15. Burt Gummer

    Burt Gummer Portland Completely Out of Ammo

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    I disagree on the ammo. 22lr is probably the best barter item out there. Just IMO. That may be dicey though because guns and ammo will probably be immediately outlawed.

    If cost is factored into the equation, water will be by far the most desirable barter item, followed by water filtration devices/filters. Specifically, those $20 drinking straw filters will be worth 100x their weight in gold. http://www.ebay.com/itm/LifeStraw-P...591?pt=LH_DefaultDomain_0&hash=item4d120f41e7

    It would be wise to also invest in some type of water tester. Strips or electronic. Someone bartering for water will want some evidence that what they are buying is potable water, not something drained from an old toilet or cesspool.

    http://www.ebay.com/itm/Digital-LCD...161421?pt=US_Garden_Tools&hash=item56592ac04d

    Go to Costco or a bulk warehouse and buy the cheapest cans of chili or black beans you can find. The exp date nonsense is meaningless. You can eat them 20 years from now if stored in a mild climate, never frozen, not sitting in a 100-degree attic etc. Nothing against Freeze Dried food, but in most cases it isn't really necessary unless you plan on living to 120. (Exception is storage in areas that freeze or harsh climate)


    Batteries - buy all you can afford. Odd 'coin' types and other also, not just AA/AAA etc. Inc rechargeables.

    Cheap led lights/flashlights/lanterns. Anything that helps or brings comfort in the dark will be a hot item.

    Anything related to LIGHT. SHTF it will most likely be dark for a long time. We will resort to the ancients - Sun daylight/good, dark evil/scary.

    Perimeter security devices - driveway alerts run on batteries (both trans and receiver) will be a hot ticket item; see Dakota Alert. Again it is dark and you cannot be peeping out the window 24/7 to watch for guys wanting to liberate you from your possessions or life.

    Did I mention water? Water.

    OT - If you are into firearms, but haven't even invested in a Gen1 night scope for $375.00, maybe you need to rethink that a bit.
    You may have 20 guns, but that guy with the 22lr and night vision just might outmatched you. You'll be trading a $375 NV unit for a $3000 rifle.
     
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  16. clambo

    clambo Vancouver, Wa. Well-Known Member

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    Here is a controversial one, yet important. Painkillers i.e. morphine, etc. Hard to get, poor shelf life, legal issues, etc. But there is an easy, inexpensive, legal way around all that. P.M. me for more info. Im not wanting to create any addicts or cause any problems. Still a good thing to have around in a doctor free enviroment.
     
  17. oremike

    oremike Creswell, Oregon Well-Known Member

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    The thing I would barter most is my skills, my thought being a man with tools that knows how to use them will be a valuable commodity.
     
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  18. Blitzkrieg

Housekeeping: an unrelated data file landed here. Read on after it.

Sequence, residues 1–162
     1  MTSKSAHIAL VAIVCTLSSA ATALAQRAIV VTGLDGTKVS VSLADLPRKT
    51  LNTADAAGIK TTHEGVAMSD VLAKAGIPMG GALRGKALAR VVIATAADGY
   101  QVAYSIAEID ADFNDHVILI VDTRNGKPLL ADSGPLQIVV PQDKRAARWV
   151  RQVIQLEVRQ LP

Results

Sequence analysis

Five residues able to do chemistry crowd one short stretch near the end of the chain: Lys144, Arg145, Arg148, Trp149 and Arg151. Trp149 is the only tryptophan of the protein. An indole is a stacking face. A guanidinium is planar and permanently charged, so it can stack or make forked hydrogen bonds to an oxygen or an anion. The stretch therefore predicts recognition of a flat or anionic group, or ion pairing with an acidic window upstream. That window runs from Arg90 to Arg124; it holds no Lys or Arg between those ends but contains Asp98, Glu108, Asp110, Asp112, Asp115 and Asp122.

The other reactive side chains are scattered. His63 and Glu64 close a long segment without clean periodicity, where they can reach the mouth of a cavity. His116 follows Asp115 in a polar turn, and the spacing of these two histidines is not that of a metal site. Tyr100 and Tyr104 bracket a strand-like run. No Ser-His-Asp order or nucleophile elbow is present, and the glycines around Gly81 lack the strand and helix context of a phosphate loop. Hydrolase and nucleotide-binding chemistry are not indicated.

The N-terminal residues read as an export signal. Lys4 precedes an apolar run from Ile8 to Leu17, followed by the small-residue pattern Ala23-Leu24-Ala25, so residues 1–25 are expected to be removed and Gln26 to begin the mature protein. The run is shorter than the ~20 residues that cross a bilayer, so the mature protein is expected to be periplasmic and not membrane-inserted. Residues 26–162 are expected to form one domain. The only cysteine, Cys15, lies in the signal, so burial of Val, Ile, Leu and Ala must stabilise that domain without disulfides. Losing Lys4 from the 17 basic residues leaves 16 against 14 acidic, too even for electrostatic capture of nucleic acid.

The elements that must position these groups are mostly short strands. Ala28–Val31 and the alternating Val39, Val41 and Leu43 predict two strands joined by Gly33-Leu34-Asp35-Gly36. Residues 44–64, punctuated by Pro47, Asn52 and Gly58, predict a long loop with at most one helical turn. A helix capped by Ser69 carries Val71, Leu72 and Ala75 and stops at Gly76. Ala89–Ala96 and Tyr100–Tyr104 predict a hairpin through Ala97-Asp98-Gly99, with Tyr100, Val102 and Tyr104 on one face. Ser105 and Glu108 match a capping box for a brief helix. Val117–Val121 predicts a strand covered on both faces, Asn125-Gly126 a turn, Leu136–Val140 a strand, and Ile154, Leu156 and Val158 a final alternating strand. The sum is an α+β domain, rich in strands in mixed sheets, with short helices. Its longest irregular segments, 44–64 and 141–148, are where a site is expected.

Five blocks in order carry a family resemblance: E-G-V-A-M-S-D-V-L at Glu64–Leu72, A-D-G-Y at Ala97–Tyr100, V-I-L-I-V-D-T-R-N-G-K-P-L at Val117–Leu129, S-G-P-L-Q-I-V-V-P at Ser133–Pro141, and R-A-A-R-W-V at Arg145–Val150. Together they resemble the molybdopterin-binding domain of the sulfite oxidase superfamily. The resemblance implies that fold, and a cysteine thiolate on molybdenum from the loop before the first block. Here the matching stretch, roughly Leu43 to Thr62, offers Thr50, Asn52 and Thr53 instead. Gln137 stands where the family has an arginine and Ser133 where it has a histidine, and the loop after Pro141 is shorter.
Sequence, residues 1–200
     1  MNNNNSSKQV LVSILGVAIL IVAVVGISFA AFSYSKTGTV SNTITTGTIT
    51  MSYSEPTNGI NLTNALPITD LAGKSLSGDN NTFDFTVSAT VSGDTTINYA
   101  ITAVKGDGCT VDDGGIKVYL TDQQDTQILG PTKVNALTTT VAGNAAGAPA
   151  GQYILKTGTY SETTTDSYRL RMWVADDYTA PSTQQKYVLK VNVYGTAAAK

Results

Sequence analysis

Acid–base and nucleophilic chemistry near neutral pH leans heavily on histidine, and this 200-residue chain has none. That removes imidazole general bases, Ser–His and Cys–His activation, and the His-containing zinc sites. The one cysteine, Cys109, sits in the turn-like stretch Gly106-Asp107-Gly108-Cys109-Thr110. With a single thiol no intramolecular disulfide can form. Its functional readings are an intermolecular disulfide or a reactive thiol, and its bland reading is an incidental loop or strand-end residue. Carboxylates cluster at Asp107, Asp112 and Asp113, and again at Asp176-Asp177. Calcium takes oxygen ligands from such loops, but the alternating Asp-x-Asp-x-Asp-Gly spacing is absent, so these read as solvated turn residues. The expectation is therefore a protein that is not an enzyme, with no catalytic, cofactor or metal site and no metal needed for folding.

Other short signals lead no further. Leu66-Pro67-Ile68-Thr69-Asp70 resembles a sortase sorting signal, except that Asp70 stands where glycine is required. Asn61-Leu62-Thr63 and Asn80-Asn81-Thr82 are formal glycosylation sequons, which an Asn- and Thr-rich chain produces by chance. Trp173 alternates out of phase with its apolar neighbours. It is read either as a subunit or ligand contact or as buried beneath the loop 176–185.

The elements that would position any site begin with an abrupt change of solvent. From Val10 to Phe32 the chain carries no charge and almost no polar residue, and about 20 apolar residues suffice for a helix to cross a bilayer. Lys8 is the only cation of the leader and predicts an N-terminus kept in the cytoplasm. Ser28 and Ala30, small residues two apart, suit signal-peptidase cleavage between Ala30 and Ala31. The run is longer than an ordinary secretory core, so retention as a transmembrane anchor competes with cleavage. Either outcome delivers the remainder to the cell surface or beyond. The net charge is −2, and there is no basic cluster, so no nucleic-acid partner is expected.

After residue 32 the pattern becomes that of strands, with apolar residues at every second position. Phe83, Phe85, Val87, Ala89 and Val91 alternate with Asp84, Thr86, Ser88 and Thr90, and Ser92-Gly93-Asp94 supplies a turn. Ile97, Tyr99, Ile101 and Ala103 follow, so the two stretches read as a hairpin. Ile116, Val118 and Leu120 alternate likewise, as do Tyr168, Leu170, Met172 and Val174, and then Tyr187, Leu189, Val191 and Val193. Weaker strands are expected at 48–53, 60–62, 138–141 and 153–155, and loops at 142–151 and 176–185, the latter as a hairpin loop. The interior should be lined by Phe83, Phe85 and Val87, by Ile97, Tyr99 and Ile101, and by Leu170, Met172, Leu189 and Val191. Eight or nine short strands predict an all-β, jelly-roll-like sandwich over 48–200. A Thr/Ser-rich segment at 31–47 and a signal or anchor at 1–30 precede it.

Blitzkrieg WA Well-Known Member

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    Hint: Antibiotics are already near useless

    Ammo

    Booze

    Wool gloves and socks

    Rice, white

    We are going to be growing hothouse coffee beans and tea shrubs so we can barter that as well
     
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  19. oli700

    oli700 Rogue Valley Well-Known Member

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    Skills and knowledge, especially skills that involve knowing how to make projectiles and black powder , old means of machining , use of water for power to run lathes and such, food production…….knowledge can be bartered over and over or you can use your knowledge to create barter items that the average person can’t provide...raw materials like lead are nice as well
     
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  20. viehmann7680

    viehmann7680 Centralia Active Member

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    I know some things mentioned on here i have read from some of Selco's stuff. Bic lighters and cheap knives would be best. They are inexpensive and easy to store. He mentions being able to refill BIC lighters. So learning and having the equipment to do that would be nice.

    I think trading ammo would not be a good idea unless you have a lot and you are trading it like it is gold.

    Those cheap survival ponchos, emergency blankets and such. I think they are Colghlans or something like that.

    You can get bags of tea candles and packages of tiny boxes of matches at the dollar store. Both would be great.

    On the other side of things. Having reloading supplies for yourself. Other people (depending on things) will collect up brass to trade or sell. Being in Afghanistan people around the base (we called them scrappers) would collect up anything from brass to the rounds itself that impact... big or small. So being able to trade for brass to reload could be nice and very feasible.

    Building supplies. 2x4's, plywood, nails, rebar

    Lastly I would say canning supplies. Mainly the jars.